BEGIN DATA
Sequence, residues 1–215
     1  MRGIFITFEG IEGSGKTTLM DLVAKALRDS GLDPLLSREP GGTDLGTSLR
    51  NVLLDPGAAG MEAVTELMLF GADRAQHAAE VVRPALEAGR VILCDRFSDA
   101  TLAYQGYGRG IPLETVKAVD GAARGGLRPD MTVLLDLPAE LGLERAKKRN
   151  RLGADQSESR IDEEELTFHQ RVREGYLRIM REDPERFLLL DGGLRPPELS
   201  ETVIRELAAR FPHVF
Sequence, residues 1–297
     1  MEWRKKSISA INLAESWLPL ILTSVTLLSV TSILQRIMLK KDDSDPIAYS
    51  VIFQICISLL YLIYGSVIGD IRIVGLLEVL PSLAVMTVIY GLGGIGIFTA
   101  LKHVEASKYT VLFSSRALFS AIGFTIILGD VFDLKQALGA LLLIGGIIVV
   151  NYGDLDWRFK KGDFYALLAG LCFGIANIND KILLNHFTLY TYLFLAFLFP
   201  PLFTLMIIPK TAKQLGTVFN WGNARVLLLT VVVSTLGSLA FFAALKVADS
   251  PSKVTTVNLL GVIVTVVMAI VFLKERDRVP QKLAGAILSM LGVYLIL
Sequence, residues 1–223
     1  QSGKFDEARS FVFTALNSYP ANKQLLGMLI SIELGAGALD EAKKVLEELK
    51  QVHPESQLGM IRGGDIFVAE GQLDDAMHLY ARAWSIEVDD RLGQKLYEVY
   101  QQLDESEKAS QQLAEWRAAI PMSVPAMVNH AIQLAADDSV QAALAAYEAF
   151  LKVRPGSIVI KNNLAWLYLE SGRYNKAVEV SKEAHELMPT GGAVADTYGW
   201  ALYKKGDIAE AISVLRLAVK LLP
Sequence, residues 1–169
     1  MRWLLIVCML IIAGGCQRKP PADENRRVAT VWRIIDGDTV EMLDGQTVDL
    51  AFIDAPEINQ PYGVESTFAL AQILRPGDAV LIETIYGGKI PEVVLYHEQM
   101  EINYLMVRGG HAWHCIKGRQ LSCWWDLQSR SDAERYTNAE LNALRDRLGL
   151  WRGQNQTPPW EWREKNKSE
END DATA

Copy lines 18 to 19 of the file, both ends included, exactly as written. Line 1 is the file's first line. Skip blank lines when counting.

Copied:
   151  LKVRPGSIVI KNNLAWLYLE SGRYNKAVEV SKEAHELMPT GGAVADTYGW
   201  ALYKKGDIAE AISVLRLAVK LLP